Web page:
A poster hangs at a memorial site for victims of Friday's shooting, in front of Christchurch Botanic Gardens in Christchurch
WELLINGTON (Reuters) - After days of intense grieving for New Zealand's worst-ever mass shooting, attention began to turn to how the country's gun laws need to change and what warning signs might have been missed ahead of a gunman's attack on two mosques that killed 50 people.
Bodies of the victims of Friday's attacks in Christchurch were being washed and prepared for burial in a Muslim ritual process, with teams of volunteers flown in from overseas to assist with the heavy workload.
Prime Minister Jacinda Ardern said her Cabinet had made in-principle decisions on changes to gun laws which she would announce next Monday, saying now was the time to act on tightening access to firearms.
Simon Bridges, leader of the opposition National Party, said he wanted to get details of the changes to see if there could be bipartisan support in Parliament. The National Party draws support from rural areas, where gun ownership is higher than in urban areas.
"We know that change is required. I'm willing to look at anything that is going to enhance our safety - that's our position," Bridges told TVNZ.
In addition to the 50 killed, dozens were wounded at the two mosques in the South Island city during Friday prayers.
Australian Brenton Tarrant, 28, a suspected white supremacist who was living in Dunedin, on New Zealand's South Island, was charged with murder on Saturday. Tarrant was remanded without a plea and is due back in court on April 5, where police said he was likely to face more charges.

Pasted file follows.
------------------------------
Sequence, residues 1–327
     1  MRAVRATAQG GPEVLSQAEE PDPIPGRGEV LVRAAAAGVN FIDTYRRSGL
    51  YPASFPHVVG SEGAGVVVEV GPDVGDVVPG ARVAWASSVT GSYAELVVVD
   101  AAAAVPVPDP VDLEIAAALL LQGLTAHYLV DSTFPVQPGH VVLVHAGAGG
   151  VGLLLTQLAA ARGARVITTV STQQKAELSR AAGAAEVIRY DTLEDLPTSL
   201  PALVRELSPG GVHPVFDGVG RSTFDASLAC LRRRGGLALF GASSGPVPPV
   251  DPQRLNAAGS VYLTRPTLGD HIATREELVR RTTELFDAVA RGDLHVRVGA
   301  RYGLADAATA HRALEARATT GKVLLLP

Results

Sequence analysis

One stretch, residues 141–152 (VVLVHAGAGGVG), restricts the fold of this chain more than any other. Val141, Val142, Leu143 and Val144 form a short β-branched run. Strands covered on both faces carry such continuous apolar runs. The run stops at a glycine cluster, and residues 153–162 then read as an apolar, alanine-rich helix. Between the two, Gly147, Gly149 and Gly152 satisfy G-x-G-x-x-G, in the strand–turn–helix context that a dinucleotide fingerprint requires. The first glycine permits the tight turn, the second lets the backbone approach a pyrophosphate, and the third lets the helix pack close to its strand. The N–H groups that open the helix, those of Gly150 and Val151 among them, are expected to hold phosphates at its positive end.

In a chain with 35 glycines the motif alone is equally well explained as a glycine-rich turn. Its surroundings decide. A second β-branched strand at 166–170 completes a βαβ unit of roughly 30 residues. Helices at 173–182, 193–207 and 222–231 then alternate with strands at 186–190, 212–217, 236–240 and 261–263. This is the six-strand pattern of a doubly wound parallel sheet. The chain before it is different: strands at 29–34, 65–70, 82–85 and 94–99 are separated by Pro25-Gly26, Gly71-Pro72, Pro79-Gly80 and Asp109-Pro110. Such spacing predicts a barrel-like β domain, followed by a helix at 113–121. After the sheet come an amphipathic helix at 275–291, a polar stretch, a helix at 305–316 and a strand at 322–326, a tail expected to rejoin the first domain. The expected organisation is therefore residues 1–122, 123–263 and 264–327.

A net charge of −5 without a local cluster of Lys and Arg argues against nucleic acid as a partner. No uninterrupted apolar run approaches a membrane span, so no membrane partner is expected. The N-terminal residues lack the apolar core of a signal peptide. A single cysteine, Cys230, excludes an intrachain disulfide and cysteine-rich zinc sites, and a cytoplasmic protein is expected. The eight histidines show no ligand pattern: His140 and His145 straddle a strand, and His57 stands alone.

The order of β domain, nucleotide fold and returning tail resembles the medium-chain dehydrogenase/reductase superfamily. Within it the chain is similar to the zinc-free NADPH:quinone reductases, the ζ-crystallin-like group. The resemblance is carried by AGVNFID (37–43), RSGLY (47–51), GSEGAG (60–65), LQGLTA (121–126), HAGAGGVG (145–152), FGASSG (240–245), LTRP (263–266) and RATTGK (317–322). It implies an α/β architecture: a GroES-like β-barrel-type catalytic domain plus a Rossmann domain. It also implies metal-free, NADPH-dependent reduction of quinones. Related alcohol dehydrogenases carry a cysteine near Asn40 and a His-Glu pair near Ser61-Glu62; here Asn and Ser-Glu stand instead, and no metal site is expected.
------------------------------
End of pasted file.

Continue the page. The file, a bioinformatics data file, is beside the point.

Andrew Little, the minister who oversees New Zealand's intelligence agencies, said monitoring of online activity had been stepped up in the wake of the Christchurch attacks.
"There are people who have been online making statements who have been interviewed by the police; that will continue. There is a level of intervention, there is a heightened level of monitoring," Little said on TVNZ on Monday night.
Ardern said there would be an inquiry into what government agencies "knew, or could or should have known" about the alleged gunman and whether the attack could be prevented.
"We have to know whether there have been failings, whether there have been gaps," Little said on TVNZ. "We have to leave no stone unturned to not only deal with the perpetrator and ensure the criminal justice system gets to deal with him, but to understand how this could have happened in this country."
More than 250 New Zealand police staff are working on the inquiry in the attacks, with staff from the U.S. FBI and Australia's Federal Police working with local investigators.
In the wake of the deadly attack, other incidents were drawing scrutiny. A gun club in the northern town of Kaitaia burned down early on Tuesday morning, and police were treating the blaze as suspicious. A bomb hoax that closed Dunedin Airport on Sunday night and caused some flights to be diverted was under investigation, police said.
A black laptop bag was thought to have been bought onto the airfield by someone climbing over fences around the Dunedin airport. Police found a note written by the person who left the "hoax device," which was dealt with by defense force experts.
"The insensitive nature of this act in light of recent events cannot be overstated," police said in a statement.
(Writing by John Mair; Editing by Leslie Adler)